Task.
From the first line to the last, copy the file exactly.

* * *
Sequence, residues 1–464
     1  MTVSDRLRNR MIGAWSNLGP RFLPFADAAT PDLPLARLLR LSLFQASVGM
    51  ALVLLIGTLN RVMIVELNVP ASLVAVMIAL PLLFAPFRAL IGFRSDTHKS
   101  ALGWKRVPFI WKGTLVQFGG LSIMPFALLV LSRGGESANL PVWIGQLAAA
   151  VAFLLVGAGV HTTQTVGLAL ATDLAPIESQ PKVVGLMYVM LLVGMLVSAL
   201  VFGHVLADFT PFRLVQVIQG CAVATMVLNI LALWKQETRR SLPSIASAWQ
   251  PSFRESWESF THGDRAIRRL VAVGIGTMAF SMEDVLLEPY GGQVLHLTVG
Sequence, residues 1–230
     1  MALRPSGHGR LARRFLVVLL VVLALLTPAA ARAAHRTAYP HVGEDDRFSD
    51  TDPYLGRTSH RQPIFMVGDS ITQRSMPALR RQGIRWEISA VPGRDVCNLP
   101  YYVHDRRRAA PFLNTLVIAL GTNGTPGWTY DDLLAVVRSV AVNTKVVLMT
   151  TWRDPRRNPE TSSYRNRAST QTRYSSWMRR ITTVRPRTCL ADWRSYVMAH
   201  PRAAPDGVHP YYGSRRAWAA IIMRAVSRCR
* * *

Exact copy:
Sequence, residues 1–464
     1  MTVSDRLRNR MIGAWSNLGP RFLPFADAAT PDLPLARLLR LSLFQASVGM
    51  ALVLLIGTLN RVMIVELNVP ASLVAVMIAL PLLFAPFRAL IGFRSDTHKS
   101  ALGWKRVPFI WKGTLVQFGG LSIMPFALLV LSRGGESANL PVWIGQLAAA
   151  VAFLLVGAGV HTTQTVGLAL ATDLAPIESQ PKVVGLMYVM LLVGMLVSAL
   201  VFGHVLADFT PFRLVQVIQG CAVATMVLNI LALWKQETRR SLPSIASAWQ
   251  PSFRESWESF THGDRAIRRL VAVGIGTMAF SMEDVLLEPY GGQVLHLTVG
Sequence, residues 1–230
     1  MALRPSGHGR LARRFLVVLL VVLALLTPAA ARAAHRTAYP HVGEDDRFSD
    51  TDPYLGRTSH RQPIFMVGDS ITQRSMPALR RQGIRWEISA VPGRDVCNLP
   101  YYVHDRRRAA PFLNTLVIAL GTNGTPGWTY DDLLAVVRSV AVNTKVVLMT
   151  TWRDPRRNPE TSSYRNRAST QTRYSSWMRR ITTVRPRTCL ADWRSYVMAH
   201  PRAAPDGVHP YYGSRRAWAA IIMRAVSRCR